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Auchter's Art: Water Diversion Worries

Auchter's Art

Artist's POV:

Remember the comedian Sam Kinison?

It's fine if you don't.

In fact, I would advise against YouTubing him. (And I disclaim all responsibility if you do.)

But back in the 1980s he had a particularly edgy standup bit about world hunger and Western popular reaction to it (Feed the World, USA for Africa, etc.). As was his style, Kinison suckered you in with a low-key, seemingly reasoned assessment of the situation, then, BANG!, smacked you upside the head with a loud, audacious screaming rant.

In this case, he went from sympathetically describing the plight of starving people suffering in deserts to highly suggesting they were stupid for not moving to where food can be grown: "WE HAVE DESERTS IN AMERICA, TOO, BUT WE DON'T LIVE IN THEM!!!"

This routine was one of the first things I ever heard described as "politically incorrect."

It most definitely was. But unlike some politicians who "tell it like it is" and "say things others are afraid to say," Kinison was crossing lines for laughs, not votes. I think that's an important distinction.

The bit is also funny because it's wrong.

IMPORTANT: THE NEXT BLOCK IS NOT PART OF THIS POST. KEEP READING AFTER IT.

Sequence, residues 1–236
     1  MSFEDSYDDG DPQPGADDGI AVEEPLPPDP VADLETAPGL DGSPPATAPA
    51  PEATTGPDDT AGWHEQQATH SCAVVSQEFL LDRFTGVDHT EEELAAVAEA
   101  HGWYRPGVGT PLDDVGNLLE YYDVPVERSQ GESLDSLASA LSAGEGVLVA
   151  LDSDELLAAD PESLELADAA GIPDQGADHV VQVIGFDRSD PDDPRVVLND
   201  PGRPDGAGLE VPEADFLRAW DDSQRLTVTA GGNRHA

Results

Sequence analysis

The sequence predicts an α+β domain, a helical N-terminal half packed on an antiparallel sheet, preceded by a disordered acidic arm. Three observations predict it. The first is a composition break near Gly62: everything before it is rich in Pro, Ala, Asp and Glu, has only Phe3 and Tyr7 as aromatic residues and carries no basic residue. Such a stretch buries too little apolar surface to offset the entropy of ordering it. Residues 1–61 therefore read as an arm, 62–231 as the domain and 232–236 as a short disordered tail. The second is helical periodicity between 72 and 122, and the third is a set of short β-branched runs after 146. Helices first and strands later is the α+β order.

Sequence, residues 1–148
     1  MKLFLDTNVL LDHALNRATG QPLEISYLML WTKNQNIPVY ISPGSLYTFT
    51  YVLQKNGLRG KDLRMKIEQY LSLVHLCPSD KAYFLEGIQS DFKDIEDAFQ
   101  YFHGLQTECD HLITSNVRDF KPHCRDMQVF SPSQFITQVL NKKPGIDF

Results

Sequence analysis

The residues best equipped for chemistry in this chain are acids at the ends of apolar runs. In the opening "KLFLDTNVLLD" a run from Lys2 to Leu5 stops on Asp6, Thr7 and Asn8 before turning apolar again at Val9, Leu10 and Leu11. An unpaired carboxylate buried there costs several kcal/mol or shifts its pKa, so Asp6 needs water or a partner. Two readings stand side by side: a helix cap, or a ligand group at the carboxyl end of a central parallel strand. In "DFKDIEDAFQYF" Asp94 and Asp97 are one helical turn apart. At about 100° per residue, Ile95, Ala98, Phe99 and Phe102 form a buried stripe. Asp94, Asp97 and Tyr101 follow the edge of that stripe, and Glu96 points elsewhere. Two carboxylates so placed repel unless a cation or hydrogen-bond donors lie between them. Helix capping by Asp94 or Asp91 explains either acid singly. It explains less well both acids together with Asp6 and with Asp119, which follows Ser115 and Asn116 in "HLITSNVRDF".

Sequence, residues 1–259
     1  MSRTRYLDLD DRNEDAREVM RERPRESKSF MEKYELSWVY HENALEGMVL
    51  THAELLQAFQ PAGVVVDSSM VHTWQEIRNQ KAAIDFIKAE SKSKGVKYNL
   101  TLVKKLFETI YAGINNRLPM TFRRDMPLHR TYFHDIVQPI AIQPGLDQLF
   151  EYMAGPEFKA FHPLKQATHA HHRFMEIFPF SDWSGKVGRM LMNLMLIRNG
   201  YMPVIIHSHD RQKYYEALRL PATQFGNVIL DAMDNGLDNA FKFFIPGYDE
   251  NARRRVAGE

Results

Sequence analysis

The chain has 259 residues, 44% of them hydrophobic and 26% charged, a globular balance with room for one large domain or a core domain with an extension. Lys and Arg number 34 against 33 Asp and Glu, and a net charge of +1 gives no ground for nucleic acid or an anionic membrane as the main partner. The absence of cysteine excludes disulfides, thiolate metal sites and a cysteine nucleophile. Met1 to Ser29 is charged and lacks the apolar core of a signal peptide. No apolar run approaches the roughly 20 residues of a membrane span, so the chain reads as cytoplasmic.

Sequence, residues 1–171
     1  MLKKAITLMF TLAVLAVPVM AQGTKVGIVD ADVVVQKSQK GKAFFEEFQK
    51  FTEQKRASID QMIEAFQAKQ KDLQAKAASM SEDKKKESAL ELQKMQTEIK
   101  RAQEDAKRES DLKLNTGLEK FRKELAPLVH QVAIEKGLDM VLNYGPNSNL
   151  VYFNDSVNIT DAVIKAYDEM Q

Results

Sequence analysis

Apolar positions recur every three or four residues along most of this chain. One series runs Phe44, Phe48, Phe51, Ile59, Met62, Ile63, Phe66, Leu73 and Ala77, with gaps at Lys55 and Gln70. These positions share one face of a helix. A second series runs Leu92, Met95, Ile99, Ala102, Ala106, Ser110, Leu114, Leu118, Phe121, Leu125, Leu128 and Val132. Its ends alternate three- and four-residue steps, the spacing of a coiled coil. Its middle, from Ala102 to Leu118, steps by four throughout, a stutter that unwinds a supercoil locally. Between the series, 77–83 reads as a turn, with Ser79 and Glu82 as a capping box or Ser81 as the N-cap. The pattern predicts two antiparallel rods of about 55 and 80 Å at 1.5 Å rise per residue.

Americans do in fact live in our deserts, and we've done nothing but accelerate that population over the past 30 years. Unlike poor countries, we have been able to beat nature with air conditioning and water pumping. Continuing to condition the air is not a big problem. But deserts are deserts by definition because of limited fresh water supplies.

It's no wonder that the parched southwest would cast its thirsty gaze toward our abundant Great Lakes.

I say too bad. We've already been kind enough to share our Vernors with the rest of the country. If they want water, they're gonna have to move here.

John Auchter is an editorial cartoonist. Views expressed in his cartoons are his own and do not necessarily reflect those of Michigan Radio, its management or the station licensee, The University of Michigan.

*Editor's note: We're experimenting with a weekly editorial cartoon on our website on Fridays. Let us know what you think. Send praise or criticism to vduffy@umich.edu

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